Bake for 18-22  minutes, rotating the pan once during the cooking process, and checking for doneness after 15 minutes. The macarons should develop a foot (the ruffled part on the bottom of the macaron), and bake without browning. To see if they are done - press down lightly on a shell. If the foot gives way, it needs a little longer, if it is stable, then it is close to being done. Test a macaron shell - if you can peel it away cleanly from the paper, they are done. If they are stable but cannot yet peel away cleanly, give them another minute or so. Again, this part takes a little trial and error depending on your oven. If they seem done but do not peel away cleanly, do not worry - there is a little trick for that! 

Remove from the oven, and allow to cool on the sheet pan for 10 minutes before peeling off the parchment paper and allowing to cool completely on a wire rack. Repeat the baking with the remaining trays, using the same spare sheet pan to double up.

If your macs do not peel away cleanly, place them, on the parchment paper, into the freezer for 5-10 minutes, then peel away from the paper. 

Store cooled macarons in an airtight container until ready to use.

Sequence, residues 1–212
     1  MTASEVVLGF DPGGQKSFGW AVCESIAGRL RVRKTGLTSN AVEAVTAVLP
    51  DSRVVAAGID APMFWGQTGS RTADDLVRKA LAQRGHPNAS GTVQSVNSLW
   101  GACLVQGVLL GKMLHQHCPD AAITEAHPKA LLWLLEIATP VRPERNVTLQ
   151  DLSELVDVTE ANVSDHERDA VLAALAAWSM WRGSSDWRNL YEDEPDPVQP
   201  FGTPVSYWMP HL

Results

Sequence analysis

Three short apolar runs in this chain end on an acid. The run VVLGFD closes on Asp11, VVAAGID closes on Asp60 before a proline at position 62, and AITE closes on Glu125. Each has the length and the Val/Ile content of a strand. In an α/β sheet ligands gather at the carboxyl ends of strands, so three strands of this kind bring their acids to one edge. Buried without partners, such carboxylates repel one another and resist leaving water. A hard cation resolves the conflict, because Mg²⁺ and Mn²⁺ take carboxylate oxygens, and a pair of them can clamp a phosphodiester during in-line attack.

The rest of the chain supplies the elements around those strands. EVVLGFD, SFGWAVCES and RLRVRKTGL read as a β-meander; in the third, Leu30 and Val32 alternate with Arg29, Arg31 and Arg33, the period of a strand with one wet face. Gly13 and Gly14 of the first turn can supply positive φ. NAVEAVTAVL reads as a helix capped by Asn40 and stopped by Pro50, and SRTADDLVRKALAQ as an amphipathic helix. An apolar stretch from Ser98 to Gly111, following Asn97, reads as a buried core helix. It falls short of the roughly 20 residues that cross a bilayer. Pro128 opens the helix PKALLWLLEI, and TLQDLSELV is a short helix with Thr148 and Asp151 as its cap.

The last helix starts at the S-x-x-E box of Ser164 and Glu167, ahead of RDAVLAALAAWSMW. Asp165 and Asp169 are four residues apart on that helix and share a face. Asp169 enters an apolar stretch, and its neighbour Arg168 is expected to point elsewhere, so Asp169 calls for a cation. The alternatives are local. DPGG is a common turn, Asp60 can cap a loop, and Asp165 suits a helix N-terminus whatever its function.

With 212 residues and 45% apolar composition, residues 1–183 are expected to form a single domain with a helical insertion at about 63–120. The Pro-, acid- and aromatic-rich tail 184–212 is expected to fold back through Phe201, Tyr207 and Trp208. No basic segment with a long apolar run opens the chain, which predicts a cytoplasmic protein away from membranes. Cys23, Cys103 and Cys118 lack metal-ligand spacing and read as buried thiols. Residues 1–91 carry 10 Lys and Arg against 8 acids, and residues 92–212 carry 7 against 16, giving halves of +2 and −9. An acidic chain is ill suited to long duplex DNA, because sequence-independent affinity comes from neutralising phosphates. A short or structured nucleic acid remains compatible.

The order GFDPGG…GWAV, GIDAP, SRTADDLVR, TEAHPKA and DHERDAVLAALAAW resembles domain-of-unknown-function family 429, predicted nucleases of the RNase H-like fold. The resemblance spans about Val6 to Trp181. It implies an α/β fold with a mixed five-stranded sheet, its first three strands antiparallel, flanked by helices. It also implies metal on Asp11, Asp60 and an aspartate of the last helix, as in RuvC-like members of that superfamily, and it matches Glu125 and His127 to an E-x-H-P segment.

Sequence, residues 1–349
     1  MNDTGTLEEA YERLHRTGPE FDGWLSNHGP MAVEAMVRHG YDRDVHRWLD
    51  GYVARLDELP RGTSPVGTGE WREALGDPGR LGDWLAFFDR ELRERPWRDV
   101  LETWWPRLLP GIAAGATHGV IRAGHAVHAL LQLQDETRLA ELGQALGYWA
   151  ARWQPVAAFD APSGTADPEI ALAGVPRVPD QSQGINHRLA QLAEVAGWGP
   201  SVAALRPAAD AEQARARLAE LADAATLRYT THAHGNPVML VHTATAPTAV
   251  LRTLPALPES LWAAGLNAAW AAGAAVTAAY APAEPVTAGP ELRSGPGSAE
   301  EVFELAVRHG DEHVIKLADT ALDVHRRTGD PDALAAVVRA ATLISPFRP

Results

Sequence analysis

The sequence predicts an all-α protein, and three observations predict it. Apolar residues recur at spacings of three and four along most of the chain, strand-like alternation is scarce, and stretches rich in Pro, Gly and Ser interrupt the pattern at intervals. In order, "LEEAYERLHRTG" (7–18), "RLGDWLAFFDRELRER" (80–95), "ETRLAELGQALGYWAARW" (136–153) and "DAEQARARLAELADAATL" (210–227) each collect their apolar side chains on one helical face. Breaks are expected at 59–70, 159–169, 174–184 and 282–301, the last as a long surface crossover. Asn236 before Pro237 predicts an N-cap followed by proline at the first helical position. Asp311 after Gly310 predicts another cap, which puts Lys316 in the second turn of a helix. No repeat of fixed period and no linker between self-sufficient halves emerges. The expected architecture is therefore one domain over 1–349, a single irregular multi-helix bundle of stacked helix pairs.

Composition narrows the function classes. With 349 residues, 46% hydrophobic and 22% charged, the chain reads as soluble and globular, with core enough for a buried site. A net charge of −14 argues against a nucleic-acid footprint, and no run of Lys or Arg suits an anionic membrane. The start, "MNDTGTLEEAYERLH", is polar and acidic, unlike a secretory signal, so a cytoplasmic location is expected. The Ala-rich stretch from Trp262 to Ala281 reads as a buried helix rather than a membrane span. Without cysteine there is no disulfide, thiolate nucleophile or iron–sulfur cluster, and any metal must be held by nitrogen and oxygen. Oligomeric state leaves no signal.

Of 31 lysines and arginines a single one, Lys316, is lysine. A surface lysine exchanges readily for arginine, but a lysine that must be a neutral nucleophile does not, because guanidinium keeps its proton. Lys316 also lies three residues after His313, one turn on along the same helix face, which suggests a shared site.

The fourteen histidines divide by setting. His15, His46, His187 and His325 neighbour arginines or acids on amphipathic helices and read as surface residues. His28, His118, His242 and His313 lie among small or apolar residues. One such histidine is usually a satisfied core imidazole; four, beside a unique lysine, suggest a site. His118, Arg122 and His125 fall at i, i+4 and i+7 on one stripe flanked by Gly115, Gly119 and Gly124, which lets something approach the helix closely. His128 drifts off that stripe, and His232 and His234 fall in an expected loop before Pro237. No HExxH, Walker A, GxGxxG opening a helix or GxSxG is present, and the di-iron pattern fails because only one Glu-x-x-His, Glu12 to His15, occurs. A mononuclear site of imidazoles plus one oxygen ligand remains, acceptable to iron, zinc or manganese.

ASSEMBLY

Place the salted caramel tahini ganache in a piping bag fitted with a round tip. Crumble some of the brittle into a bowl.

Pair up the macaron shells, and pipe a blob of ganache on one half of each pair. Top with the second shell, pressing down to secure. Sprinkle with the sesame brittle.

Macarons taste best if you 'mature' them in the fridge overnight to let the flavours meld, but they are perfect eaten immediately too! Store leftovers in an airtight container in the fridge.

 

 

Vanilla Bean Macarons with Coffee German Buttercream and Halva

- Makes about 24 Macarons-

Coffee German Buttercream
190g whole milk
20g (about 2.5 Tbsp) coarsely ground coffee
110g sugar
12g (1 1/2 Tbsp) cornstarch
1 tsp vanilla bean paste
1 egg
1 egg yolk
½  tsp kosher salt
340g (3 sticks) unsalted butter, at room temperature

Macaron Shells
170g ground almonds
300g powdered sugar
180g egg whites, at room temperature
160g sugar
1 tsp vanilla bean paste
Cocoa for dusting (optional)

Crumbled Halva for assembly (We used Coffee Halva from Seed and Mill)

 

- PROCESS -

COFFEE GERMAN BUTTERCREAM

In a medium saucepan, heat the milk to just shy of a simmer.  Remove from the heat, add the coffee, stir well, and steep for 20 minutes. Strain through a very fine mesh sieve, and re-weigh the infused milk and top up to 190. Wipe out the saucepan, and return to the milk mixture to the heat. Bring to just shy of a simmer. Meanwhile, In a bowl, whisk together the corn starch and sugar, then whisk in the vanilla, egg, egg yolk and salt.

Using one hand to whisk constantly, pour half of the hot milk mixture into the egg mixture. This helps to temper the eggs and stop them from scrambling. Whisk until incorporated, and then pour the whole lot back into the saucepan.